Inflation could mean highest Social Security cost-of-living adjustment since 1981

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Social Security recipients are on track to receive the biggest cost-of-living raise in four decades as white-hot inflation rapidly shrinks the buying power of retired Americans.

The Senior Citizens League, a nonpartisan group that focuses on issues relating to older Americans, estimated the adjustment could be as high as 8.6%, based on May inflation data, which showed that consumer prices soared 8.6% from the previous year, the fastest year-over-year jump since December 1981.

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The annual Social Security change is calculated based on the Consumer Price Index for Urban Wage Earners and Clerical Workers, or the CPI-W, which jumped 8.6% over the past year. 

Should Social Security beneficiaries see an 8.6% increase to their monthly checks next year, it would mark the steepest annual adjustment since 1981, when recipients saw an 11.2% bump. The COLA prediction for 2023 from the Senior Citizens League previously is unchanged from April. 

In this photo illustration, a Social Security card sits alongside checks from the U.S. Treasury on October 14, 2021 in Washington, DC.  ((Photo illustration by Kevin Dietsch/Getty Images) / Getty Images)

The Social Security Administration will release the final adjustment percentage in October.

The estimated figure could still be subject to change and ultimately hinges on whether inflation has peaked or will continue to rise. Both the April and May inflation reports came in hotter than expected, underscoring just how strong inflationary pressures in the economy still are and indicating that consumer prices will be painstakingly slow to normalize.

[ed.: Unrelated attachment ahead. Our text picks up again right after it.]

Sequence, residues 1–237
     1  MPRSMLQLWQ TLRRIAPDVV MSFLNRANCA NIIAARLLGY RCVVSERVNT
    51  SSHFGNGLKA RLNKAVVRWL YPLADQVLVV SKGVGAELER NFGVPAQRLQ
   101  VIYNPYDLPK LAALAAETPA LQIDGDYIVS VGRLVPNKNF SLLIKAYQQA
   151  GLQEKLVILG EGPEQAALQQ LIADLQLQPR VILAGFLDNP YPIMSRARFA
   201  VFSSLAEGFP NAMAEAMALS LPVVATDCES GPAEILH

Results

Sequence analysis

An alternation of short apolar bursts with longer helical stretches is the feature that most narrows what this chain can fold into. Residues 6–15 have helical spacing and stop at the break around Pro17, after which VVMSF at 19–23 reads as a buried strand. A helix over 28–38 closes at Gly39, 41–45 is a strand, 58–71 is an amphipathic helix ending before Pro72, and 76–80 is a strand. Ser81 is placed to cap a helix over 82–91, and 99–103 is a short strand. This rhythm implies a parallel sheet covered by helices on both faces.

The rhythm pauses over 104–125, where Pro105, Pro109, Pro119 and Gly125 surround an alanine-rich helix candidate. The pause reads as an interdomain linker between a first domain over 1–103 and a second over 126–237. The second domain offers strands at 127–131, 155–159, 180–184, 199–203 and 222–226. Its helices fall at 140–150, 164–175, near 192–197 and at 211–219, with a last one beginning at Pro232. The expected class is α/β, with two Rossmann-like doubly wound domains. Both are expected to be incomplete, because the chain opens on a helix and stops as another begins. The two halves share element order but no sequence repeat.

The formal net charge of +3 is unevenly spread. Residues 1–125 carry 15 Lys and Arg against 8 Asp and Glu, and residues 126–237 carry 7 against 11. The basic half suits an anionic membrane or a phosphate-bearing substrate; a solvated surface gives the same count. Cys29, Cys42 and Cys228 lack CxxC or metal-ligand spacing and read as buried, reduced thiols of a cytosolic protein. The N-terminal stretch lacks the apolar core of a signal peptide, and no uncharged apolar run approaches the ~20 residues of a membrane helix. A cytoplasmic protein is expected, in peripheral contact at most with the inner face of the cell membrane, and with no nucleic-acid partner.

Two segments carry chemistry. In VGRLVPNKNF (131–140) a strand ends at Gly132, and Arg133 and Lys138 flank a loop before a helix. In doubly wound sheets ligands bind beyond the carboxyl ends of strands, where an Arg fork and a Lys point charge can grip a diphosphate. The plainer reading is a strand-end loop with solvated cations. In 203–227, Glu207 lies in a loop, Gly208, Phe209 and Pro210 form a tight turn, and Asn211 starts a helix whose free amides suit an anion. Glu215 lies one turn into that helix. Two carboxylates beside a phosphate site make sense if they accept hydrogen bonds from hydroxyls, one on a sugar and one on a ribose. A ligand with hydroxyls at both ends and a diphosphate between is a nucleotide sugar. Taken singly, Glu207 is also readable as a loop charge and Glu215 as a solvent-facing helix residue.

The average benefit in 2022 jumped by 5.9%, which amounted to a monthly increase of $92 for the average retired American, bringing the full amount to $1,657, the Social Security Administration announced last year. But soaring inflation has already eroded the entirety of the increase, with recipients losing 40% of their buying power since 2000, according to calculations by the Senior Citizens League.

A man shops at a Safeway grocery store in Annapolis, Maryland, on May 16, 2022, as Americans brace for summer sticker shock as inflation continues to grow.  ((Photo by JIM WATSON/AFP via Getty Images) / Getty Images)

The average monthly benefit would have to increase by $539.80 in order for retirees to maintain the same level of purchasing power as in 2000. 

"Inflation means lower savings and for people who don’t have enough savings, it can mean higher debt," Senior Citizens League analyst Mary Johnson said. "And the interest with rising rates, especially on consumer credit card debt, can be very costly for people living on fixed income and hard to manage when they’re in retirement."

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The group has pushed Congress to adopt legislation that would index the adjustment to inflation specifically for seniors, such as the Consumer Price Index for the Elderly, or the CPI-E. That index specifically tracks the spending of households with people aged 62 and older.

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